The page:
This Fellowship consists of a $10,000 stipend and a $5,000 research fund, which can be used for travel to professional meetings and for research expenditures related to the student’s graduate program. With the support of this Fellowship, I had the chance to attend many academic conferences, such as AOCS, IFT, and Gordon Research, where I had chances to present my research and communicate with other researchers, as well as attend a short course training. In addition, I was able to expand my research on both the beneficial effects of nanoemulsions associated with increasing nutrient bioavailability, as well as highlight any potential adverse effects. Moreover, the high prestige associated with this Fellowship has been a great benefit to my academic development.
Can you share any advice for graduate students who want to apply to the Fellowship?
To be honest, I feel I am very lucky to be granted this prestigious fellowship and sometimes I question whether I am good enough to receive it. I know there are many excellent graduate students who are doing impressive research and could be the potential recipient of this Fellowship.
Personally, I think I was granted this Fellowship not only because of my research achievement but also my service contribution. I have been an active student member of AOCS since 2014 and served as a volunteer for the AOCS Annual Meeting many times. I also have taken leadership responsibilities in the Student Common Interest Group (CIG), first as Co-Chair and now Chair. In my role as Chair, I help organize AOCS student events and draft the CIG newsletters.
In addition to service for AOCS, I contribute to many other student organizations, such as being the Vice President of the Phi Tau Sigma UMass Chapter and Chair of the UMass Life Sciences Graduate Research Council. I feel that my service contributions to the society were recognized when I applied to the Fellowship, which helped me stand out from other outstanding candidates. Therefore, I strongly suggest graduate students become more involved in society service if they would like to apply to this Fellowship. Actually, serving in the society not only increases your chance to win this Fellowship, but also offers great opportunities to develop your leadership skills, build the service component of your CV, and make a difference in the graduate student community.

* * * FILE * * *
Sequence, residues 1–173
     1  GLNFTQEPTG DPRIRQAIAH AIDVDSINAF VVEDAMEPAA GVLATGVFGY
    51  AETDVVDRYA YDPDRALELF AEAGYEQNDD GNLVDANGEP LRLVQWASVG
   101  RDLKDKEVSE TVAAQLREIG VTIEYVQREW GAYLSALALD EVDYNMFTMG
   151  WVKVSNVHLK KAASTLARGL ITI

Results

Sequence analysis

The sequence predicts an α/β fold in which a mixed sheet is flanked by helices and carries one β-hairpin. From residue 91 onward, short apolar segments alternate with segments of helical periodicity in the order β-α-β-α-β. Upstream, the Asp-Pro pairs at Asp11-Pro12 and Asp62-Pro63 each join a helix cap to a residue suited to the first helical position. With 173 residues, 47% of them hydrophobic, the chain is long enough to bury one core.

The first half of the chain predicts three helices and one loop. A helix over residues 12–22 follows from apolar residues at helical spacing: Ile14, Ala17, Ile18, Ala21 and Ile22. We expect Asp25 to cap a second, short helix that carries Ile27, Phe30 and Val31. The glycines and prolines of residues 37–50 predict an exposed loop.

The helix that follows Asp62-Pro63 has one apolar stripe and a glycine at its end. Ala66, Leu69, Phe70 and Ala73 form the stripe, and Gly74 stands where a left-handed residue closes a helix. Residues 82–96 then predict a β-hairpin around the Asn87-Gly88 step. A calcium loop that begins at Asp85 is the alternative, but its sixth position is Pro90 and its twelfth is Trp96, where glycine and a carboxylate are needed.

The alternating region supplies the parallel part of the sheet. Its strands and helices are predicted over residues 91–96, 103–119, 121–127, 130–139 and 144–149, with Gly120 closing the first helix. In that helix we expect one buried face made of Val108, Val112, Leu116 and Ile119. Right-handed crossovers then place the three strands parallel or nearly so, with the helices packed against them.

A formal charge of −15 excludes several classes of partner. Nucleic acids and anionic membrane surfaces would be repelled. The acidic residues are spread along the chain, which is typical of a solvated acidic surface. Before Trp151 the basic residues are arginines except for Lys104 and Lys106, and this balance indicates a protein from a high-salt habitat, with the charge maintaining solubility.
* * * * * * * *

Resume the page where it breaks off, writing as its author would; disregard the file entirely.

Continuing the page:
Q&A with Nurhan Dunford
Nurhan Dunford was named an AOCS Fellow in 2018. The AOCS Fellow Award is a category of AOCS membership that recognizes achievements in science, or extraordinary service to the Society.
What was your reaction when you learned you’d been named an AOCS Fellow?
I know that Fellow is the highest recognition that a society can give and AOCS Fellows are experts and leaders in the field of fats and oils. I feel honored to be included in the ranks of such an extraordinary group of people.
Your award nomination cited your dedication to serving in volunteer AOCS roles, including Annual Meeting General Chairperson, Division leadership roles, and associate editor for JAOCS, among others. What motivates you to serve in AOCS volunteer roles?
I have been a member of the society over 20 years. Getting involved in a professional association after graduating from college is the first step to boost personal and professional development. My involvement in AOCS broadened my knowledge, expanded my professional network, I made many friends, had the opportunity to serve in many leadership positions, and enhanced the national and international visibility of Oklahoma State University and my research program. But most importantly, not only myself but also my graduate students benefited from my involvement in the society; they attended Annual Meetings with me, gave oral and poster presentations, experienced the Industry Expo during the meetings, and won graduate student excellence awards. As educators, it is our responsibility to provide these opportunities, which are very important for the professional development of students.
You’ve been involved with multiple AOCS Divisions. What impact has your participation in Divisions had on your career and AOCS experience?
My involvement in multiple AOCS Divisions expanded my knowledge of the science of fats and oils and allowed me to learn about current issues, problems, and advancements from a diverse group of experts in academia and industry. Those interactions and knowledge shape the research projects we work on in my group.
Can you tell us about your current research? What big problem or challenge are you trying to solve?